What does election integrity (EI) have to do with 9/11, which occurs tomorrow-would that we could wipe that atrocity off of our calendars for good.
Had Al Gore assumed the presidency he won, there's a good chance 9/11 would be just another day of the year. Al Gore would have listened when they warned him instead of vacationing for a long month.
EI does, however, have even more to do with next November. There are more Democrats than Republicans registered at this point, so how could the polls be so close? How many Democrats plan to vote for a team that contradicts everything it stands for? Maybe Joe Lieberman and a few Hillary fans, the latter of which I think we can woo back.
The implications for some are that the election is being fixed . . . again.
But meanwhile, prepare to "get pissed off" again, as XM Radio's veteran commentator Bob Edwards told the audience last night at the AFI Silver Theatre, a haven for independent documentaries in Silver Spring, Maryland currently in the midst of a film festival.
Prepare to get pissed off because of a screening of Uncounted in a real theater, a one-evening sponsorship. The movie is meant to agitate. I reviewed it a month ago at click here as well as click here But re-viewing it was still a treat, especially with the panel that followed, moderated by Edwards. He had a different question for each one: the film's Emmy award-winning producer, David Earnhardt, who's been touring the country himself as well as sparking independent showings by selling the DVD wherever he goes. Then there was PDA Board Chair Mimi Kennedy, formerly the tv star who played Dharma's mom in the sitcom Dharma and Greg and now, rechanneling her talents, a most outspoken and effective progressive activist.
Bob Fitrakis, the well-known attorney, progressive activist, and co-author of four books on EI was there, along with Matt Siegel, founder and executive director of Student Association for Voter Empowerment (SAVE), to represent the college generation so inspired by Barack Obama.to materialize as voters.
Rebecca Wilson, co-chair of the EI organization SaveOurVotes Maryland, was the fifth panelist, inspiring and articulate as she spelled out what her state had accomplished and what we can all do to continue the Fight toward Fairness.
Edwards asked David Earnhardt how the idea for the film occurred to him. The answer was that election 2000 jarred him, putting him on alert for election 2004, when the number of touchscreen voting machines had doubled and many of the same problems that enabled the prior coup d'état resurfaced, even more malignantly if that was possible.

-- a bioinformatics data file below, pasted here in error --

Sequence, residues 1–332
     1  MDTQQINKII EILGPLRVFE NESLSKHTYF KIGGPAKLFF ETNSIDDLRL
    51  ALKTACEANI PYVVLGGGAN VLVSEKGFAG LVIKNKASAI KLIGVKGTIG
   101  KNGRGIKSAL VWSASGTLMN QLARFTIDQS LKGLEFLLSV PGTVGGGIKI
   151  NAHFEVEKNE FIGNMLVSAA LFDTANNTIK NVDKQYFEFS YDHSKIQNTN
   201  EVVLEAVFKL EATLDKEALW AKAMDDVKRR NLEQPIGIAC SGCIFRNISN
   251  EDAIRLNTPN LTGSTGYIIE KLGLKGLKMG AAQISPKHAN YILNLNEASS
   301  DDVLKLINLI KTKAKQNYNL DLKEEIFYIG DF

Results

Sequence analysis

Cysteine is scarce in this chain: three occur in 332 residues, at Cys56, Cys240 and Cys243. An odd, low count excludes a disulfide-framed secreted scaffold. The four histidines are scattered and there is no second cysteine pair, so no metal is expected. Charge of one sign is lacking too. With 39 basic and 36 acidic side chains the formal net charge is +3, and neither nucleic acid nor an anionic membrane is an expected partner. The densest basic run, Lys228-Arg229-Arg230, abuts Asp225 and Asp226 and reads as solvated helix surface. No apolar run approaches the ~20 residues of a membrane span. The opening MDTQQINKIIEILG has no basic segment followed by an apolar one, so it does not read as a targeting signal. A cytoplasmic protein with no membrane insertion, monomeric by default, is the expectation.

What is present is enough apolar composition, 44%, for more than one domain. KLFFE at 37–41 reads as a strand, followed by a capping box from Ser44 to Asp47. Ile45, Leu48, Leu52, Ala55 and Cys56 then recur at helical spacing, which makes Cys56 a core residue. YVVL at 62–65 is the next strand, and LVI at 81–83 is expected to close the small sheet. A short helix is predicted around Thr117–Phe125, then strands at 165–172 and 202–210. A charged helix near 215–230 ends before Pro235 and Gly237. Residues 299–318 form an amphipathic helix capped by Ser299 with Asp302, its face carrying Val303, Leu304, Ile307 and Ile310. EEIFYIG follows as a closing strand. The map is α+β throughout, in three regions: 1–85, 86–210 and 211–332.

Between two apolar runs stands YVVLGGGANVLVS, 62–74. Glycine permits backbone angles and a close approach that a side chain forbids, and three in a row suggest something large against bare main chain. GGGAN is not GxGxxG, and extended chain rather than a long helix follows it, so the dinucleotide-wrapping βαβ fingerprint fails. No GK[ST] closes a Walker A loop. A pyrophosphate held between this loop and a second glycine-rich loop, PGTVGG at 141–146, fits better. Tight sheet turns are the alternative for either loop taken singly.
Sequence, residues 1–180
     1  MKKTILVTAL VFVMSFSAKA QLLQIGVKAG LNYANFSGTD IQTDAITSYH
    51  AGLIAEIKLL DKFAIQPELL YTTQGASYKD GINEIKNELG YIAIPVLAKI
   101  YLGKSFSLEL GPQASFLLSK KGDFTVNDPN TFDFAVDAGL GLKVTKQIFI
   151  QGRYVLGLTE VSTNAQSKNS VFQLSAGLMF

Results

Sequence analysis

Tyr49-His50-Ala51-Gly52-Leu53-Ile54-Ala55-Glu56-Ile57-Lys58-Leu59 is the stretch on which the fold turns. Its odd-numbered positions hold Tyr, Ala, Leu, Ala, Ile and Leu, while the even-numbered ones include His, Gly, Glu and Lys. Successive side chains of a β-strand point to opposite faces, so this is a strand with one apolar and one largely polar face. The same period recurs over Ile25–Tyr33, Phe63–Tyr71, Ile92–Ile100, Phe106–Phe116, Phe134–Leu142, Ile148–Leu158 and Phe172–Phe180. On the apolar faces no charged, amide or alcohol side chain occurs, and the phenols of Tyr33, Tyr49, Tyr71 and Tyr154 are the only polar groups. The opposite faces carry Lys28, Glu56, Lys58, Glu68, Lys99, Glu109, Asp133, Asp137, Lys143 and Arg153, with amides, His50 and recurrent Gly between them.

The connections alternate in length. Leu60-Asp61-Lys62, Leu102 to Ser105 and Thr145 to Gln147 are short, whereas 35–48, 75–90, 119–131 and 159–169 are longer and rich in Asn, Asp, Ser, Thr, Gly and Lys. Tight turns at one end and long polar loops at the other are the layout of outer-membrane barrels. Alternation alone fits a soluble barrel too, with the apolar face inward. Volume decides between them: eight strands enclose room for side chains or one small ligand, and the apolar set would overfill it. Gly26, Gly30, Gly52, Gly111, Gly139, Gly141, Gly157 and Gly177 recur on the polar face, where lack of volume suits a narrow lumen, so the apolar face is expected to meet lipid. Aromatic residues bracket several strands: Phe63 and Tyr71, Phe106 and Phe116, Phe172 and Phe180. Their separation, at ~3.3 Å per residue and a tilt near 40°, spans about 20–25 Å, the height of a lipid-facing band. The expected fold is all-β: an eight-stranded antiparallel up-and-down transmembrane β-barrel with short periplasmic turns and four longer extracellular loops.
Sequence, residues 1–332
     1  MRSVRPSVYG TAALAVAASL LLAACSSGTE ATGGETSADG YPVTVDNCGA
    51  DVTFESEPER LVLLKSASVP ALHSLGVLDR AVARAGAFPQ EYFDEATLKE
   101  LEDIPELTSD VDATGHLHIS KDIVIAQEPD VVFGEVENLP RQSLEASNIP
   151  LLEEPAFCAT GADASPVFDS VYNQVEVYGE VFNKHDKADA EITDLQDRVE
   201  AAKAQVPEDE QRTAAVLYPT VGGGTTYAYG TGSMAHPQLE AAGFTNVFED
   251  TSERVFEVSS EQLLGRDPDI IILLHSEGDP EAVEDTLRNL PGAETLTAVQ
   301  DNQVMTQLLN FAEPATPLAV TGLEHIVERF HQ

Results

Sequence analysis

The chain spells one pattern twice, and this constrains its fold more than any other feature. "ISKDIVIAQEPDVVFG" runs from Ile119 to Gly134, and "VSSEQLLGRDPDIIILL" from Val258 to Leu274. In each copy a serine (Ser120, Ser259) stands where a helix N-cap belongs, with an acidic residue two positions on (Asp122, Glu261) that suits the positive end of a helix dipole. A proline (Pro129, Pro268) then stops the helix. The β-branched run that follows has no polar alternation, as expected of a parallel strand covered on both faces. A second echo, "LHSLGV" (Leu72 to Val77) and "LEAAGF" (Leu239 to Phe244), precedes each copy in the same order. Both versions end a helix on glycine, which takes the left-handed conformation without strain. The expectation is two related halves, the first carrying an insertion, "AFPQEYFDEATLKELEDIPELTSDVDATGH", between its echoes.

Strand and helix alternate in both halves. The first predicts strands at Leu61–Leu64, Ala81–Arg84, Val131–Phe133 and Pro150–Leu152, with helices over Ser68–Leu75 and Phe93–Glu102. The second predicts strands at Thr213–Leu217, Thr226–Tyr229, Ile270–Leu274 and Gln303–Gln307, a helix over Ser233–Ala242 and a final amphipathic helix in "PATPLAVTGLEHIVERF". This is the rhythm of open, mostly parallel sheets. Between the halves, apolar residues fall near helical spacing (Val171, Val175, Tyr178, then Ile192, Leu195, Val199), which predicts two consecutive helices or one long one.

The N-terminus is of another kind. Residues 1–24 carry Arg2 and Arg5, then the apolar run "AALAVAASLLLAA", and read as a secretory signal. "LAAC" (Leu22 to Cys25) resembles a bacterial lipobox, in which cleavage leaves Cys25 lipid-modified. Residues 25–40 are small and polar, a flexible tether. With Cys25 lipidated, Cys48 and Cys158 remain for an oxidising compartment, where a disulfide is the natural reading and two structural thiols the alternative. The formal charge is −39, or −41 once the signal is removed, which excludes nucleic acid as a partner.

Grateful he was that some journalists like Edwards "kept the story alive," stimulating vigilance rather than alienation, giving up. "The Democrats need to bring it out there," he continued, "not fear it." Think of all those Ohioans who stayed in line in the most indigent areas or oppressed college campuses. Think of that pouring rain. The spirit reigns. How can we give it reins? As bad a wordplay as I've spat out, perhaps it can become a slogan. I freely donate it.
Why is EI so important? Edwards next asked Mimi Kennedy.
She said that without democracy we'd lose our voices-we're perilously close to that now, a state she named cilliteracy. Computers are allowed to count our vote. "HAVA wired us for fraud." The Iraq War wouldn't have happened if election 2000 had been conducted fairly.
"Did George W. Bush steal America's 2004 election?" Edwards asked Bob Fitrakis. An election attorney election night 2004, Fitrakis said that his first clue was that fewer voting machines were supplied than for the preceding primary. Gehanna County, where six hundred some citizens had voted, reported 4,255 votes for Bush, which Fitrakis called "massive voter thuggery."
Thanks to progressive organizations like Velvet Revolution, Brad Friedman's bradblog, and Free Press, the public election apparatus is still in place, however tenuously, with people like Bob Ney and Jack Abramoff to allow for-profit companies to control our votes.
Regarding the plight of youthful voters, Matt Siegel noted how many college students voted in the primaries, a group written off by politicians that has become a vital force this year. So many problems assail them on their campuses; the too few voting machines supplied, proof required that they are voting on campuses legally (otherwise they are given provisional ballots, one-third of which were discarded in 2004); and the huge roadblock of voter identification.
He said that at the last hearing on this issue held in the Senate on the 10th, there was criticism of the long lines of adamant and persistent voters in teeming Ohio as well as elsewhere.
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